The tables have turned, investors are back on top, says Israeli tech angel
With early-stage startups reeling due to the Covid-19 crisis, Liron Rose says investors can afford to be more selective in their search for the next big thing
Just ask Liron Rose, an Israeli entrepreneur and tech investor whose latest company sold to Ironsource and was an early investor in web analytics powerhouse SimilarWeb and freelance online marketplace Fiverr, as well as the likes of security platform Armis and automotive cybersecurity company Argus.
"If the market exits the crisis in 2021 or 2022, this year may well end up turning out to have been one of the better years to invest," Rose told CTech. "I can say that my best investments came following a crisis. Often what determines the success of an investment is its timing. Entrepreneurs that go through a crisis and persist prove their character and sometimes investing in a difficult year ends up providing an opportunity that will not return when the market gets back to normal."
Rose, who operates as an angel investor and is also involved as an investor and advisor at venture capital fund Cerca Partners, explained that the coronavirus pandemic has swung the pendulum back in favor of the investors.
"I'm more selective during this time and I can afford to be more selective because there is a dearth of funds in the market, especially for early-stage companies," he said. "Many companies raised money in 2019 according to a certain valuation and had an easy time doing so. But the market has changed. I recently spoke to an entrepreneur who had previously raised just under one million dollars and now he's stuck and is willing to accept an investment at a lower valuation because he has his back against the wall having already spent all the funds from his previous round. So investors can afford to be selective and don't have to chase investments the way they did in 2019. Back then if you didn't react fast enough you would lose your chance. Now the balance has changed and it is more of a question of which investor will blink first."
Rose said SAFE, which stands for simple agreement for future equity, has become ever more prevalent due to the crisis. It is an agreement between an investor and a company that provides rights to the investor for future equity in the company. However, the specific price per share is not determined at the time of the initial investment, with the investor only receiving the futures shares when a funding round occurs. SAFE bypasses the need to evaluate the company, which is often the main stumbling block in regular funding rounds. One of the aspects that is determined though, is the discount the investors will receive when they eventually become shareholders, as well as a valuation cap.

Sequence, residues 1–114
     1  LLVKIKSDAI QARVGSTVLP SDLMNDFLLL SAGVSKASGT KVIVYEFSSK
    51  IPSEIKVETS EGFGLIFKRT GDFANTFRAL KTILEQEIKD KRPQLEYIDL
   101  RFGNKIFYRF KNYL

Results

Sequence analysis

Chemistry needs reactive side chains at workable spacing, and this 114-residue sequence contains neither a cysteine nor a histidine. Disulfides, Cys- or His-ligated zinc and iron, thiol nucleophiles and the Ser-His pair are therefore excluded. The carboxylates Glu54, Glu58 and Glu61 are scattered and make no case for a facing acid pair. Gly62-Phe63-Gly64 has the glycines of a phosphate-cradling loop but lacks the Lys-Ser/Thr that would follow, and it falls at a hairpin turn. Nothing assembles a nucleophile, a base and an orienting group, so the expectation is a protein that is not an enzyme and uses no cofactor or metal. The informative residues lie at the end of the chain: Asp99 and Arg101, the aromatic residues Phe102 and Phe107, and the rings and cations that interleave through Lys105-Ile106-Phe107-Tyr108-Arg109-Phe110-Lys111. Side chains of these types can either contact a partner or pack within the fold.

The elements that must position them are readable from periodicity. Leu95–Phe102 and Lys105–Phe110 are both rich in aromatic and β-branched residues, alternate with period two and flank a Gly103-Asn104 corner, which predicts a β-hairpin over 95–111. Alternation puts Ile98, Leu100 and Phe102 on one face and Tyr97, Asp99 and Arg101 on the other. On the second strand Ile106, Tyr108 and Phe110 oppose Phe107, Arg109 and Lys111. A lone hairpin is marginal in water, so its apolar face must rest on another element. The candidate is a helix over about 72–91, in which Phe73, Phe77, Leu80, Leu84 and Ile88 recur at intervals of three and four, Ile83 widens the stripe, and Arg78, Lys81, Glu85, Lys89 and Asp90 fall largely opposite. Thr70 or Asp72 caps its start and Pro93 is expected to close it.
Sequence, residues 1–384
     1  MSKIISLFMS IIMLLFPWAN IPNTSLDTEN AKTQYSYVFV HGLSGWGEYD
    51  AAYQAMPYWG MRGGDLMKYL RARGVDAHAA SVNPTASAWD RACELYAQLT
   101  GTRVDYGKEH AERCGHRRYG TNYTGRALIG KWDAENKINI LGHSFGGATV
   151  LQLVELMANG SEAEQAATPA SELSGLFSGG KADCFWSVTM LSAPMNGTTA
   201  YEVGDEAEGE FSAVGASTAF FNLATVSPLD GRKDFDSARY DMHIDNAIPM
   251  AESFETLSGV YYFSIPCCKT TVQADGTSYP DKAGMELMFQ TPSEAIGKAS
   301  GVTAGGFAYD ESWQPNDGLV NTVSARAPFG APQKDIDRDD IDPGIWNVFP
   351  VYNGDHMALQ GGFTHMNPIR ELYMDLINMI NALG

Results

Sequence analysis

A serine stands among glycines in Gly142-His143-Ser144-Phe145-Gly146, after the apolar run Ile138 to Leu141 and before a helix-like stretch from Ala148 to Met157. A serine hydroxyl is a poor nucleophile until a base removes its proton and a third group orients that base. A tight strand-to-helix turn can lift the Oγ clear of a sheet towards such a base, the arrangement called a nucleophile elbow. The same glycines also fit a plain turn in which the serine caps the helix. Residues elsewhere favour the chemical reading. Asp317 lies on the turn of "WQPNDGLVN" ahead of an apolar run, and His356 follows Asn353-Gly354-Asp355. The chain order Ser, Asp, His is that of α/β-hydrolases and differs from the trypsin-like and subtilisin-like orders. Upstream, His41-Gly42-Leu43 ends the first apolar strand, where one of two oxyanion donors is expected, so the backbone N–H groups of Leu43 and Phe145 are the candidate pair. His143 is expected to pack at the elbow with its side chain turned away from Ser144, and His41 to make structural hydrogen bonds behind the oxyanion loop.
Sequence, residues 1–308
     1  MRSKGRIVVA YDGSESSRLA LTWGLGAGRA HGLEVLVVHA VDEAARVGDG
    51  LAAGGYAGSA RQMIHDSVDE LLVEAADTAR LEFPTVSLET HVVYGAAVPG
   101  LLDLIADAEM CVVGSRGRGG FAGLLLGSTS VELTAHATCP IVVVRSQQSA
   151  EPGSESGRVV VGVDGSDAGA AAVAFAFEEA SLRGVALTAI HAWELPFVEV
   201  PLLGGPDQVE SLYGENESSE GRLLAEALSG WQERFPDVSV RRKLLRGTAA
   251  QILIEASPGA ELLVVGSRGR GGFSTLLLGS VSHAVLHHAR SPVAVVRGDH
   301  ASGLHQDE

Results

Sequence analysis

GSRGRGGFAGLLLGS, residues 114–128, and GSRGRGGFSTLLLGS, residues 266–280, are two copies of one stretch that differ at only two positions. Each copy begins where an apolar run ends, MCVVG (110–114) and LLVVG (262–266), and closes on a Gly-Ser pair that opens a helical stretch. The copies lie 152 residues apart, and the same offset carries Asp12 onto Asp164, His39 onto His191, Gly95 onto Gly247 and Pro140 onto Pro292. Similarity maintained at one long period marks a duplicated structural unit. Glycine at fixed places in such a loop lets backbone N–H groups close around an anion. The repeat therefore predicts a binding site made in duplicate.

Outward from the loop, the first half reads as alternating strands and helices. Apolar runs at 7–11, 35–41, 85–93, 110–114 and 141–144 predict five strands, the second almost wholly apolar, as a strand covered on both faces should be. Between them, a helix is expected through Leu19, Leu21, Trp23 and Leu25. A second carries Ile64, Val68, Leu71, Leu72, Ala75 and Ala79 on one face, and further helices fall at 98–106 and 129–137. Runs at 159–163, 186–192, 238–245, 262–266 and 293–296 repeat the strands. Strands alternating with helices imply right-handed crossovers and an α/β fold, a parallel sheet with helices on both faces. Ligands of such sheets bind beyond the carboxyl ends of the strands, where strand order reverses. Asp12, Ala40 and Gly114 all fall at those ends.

"There are lots of SAFE deals as companies don't want to hold an investment round that will hurt their valuation. They need a SAFE as a short-term bridge and that allows investors to negotiate bigger discounts and get better value. There are certainly interesting investment opportunities right now," noted Rose. "I think this trend will only gather momentum in the remainder of the year as more and more startups get desperate. This will create big opportunities for angel investors and opportunistic VCs."
Rose is not afraid of taking risks, with many of his investments going to early-stage companies where it is often a case of all of nothing.
"In my personal investments as an angel, I usually join at an early stage and invest a relatively small sum. When you enter at such an early stage you have a bigger chance to hit the jackpot and multiply your money many times over, but you can also lose everything. I've been lucky enough to have invested in the right company several times like with SimilarWeb and Kensho, but on the other hand, I've also invested in companies that didn't succeed and shut down," he said. "During this period of time the level of risk has increased. We see that companies at the seed stage are having difficulty raising money. Angels are more hesitant because of the situation. Coronavirus has made some sectors more sexy. Anything that is brick and mortar and requires physical presence or has to do with travel is problematic, but online industries like e-commerce, remote learning and remote medicine are succeeding and will probably continue to do well because the world is never going back to the way it was in 2019. Covid-19 won't be around forever, but there has been such a big shift in our lives that things won't return to be exactly the way they were regardless."